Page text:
Ben-David and Papell's (1997) tests for structural breaks in international trade ratios over the post-WWII period revealed that trade ratios exhibited structural breaks in their paths and that postbreak trade averages exceeded prebreak averages. They attributed these breaks to trade liberalization policies executed during the postwar period. We reevaluate their results by comparing the postbreak trade ratios with extrapolated ratios based on the prebreak trend, and testing for structural breaks in the relative prices of imports (exports). We find that oil shocks rather than trade liberalization were the major factor behind the structural breaks in trade ratios.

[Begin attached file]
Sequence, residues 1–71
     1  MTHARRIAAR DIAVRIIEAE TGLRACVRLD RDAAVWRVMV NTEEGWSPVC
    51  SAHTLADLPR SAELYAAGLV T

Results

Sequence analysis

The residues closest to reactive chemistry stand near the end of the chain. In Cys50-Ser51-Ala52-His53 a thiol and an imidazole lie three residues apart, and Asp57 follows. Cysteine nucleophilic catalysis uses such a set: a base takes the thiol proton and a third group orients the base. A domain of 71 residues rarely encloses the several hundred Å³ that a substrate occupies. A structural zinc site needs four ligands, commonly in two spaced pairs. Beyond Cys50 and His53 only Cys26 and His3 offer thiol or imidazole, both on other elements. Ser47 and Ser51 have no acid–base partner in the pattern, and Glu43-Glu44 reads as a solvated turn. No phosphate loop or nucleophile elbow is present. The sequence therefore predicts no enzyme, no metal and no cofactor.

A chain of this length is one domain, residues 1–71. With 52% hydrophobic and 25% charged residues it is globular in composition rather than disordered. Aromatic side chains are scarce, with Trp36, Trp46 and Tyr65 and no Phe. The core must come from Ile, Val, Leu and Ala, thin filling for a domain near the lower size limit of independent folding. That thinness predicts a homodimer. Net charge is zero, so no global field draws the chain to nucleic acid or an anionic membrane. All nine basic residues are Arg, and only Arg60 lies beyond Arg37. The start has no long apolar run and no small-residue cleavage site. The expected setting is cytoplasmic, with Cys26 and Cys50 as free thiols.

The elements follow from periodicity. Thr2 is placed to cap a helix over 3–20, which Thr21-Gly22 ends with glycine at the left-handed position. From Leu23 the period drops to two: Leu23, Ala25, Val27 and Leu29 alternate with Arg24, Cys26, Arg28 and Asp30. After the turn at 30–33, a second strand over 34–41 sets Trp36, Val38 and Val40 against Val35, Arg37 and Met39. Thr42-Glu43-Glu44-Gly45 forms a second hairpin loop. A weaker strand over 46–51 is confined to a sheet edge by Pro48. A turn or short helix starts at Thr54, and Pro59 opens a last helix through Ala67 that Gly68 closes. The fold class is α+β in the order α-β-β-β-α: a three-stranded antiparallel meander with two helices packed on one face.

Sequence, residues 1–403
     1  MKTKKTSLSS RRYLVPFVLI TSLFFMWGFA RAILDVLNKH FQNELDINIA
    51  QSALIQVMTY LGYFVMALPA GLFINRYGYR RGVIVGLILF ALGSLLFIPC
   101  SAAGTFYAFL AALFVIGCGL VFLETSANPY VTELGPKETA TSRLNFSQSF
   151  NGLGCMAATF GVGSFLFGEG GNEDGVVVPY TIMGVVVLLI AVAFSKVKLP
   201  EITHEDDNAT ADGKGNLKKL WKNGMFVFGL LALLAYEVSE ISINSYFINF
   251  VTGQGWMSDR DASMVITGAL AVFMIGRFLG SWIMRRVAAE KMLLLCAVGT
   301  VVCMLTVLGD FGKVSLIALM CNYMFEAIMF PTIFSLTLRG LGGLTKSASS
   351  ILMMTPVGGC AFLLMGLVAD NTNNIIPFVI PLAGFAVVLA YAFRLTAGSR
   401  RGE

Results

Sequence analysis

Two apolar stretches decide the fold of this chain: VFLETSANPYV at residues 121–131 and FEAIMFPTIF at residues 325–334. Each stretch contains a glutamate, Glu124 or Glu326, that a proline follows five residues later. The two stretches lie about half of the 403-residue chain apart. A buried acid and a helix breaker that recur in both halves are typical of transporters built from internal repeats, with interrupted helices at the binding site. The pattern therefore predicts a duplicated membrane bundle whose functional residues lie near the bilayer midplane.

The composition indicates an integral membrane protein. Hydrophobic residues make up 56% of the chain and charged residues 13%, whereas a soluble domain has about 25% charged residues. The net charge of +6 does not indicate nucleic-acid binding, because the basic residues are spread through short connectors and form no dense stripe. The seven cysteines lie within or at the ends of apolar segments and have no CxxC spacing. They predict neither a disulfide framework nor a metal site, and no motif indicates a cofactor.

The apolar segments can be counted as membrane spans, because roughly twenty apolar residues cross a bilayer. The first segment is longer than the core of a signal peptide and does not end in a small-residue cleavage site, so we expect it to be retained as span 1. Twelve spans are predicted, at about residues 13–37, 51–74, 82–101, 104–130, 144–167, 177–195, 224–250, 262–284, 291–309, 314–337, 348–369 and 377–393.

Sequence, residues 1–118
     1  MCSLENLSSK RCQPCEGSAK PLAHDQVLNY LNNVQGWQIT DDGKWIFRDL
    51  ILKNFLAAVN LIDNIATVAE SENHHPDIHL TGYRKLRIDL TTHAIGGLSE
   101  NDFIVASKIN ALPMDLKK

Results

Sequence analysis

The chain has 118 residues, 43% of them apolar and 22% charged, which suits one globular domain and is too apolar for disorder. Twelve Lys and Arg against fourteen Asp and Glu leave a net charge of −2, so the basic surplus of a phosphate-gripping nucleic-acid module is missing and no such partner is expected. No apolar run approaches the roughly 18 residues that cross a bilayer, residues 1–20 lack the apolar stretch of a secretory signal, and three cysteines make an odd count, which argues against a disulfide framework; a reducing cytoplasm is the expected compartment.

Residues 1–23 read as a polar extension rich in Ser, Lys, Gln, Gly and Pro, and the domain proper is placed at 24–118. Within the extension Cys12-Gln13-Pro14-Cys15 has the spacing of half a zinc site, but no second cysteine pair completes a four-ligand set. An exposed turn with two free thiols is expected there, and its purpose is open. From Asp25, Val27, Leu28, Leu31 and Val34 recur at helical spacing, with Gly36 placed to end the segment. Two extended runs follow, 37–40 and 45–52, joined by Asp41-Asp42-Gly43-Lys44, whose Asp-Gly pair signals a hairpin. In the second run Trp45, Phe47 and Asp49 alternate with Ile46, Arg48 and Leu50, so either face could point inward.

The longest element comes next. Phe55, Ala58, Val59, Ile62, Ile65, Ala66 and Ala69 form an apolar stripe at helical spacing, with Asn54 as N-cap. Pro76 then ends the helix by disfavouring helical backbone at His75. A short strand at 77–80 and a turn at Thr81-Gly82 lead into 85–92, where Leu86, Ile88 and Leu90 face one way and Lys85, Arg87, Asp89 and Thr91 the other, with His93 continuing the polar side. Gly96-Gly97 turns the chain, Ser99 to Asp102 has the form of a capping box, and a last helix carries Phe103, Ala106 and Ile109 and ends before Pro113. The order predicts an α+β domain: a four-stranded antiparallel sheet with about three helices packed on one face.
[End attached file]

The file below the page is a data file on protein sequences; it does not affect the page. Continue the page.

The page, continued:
Published in Review of International Economics as: Abu-Bader, S. and Abu-Qarn, A. S. (2010) “Trade Liberalization or Oil Shocks: Which Better Explains Structural Breaks in International Trade Ratios?,” Review of International Economics, 18(2), pages 250–264.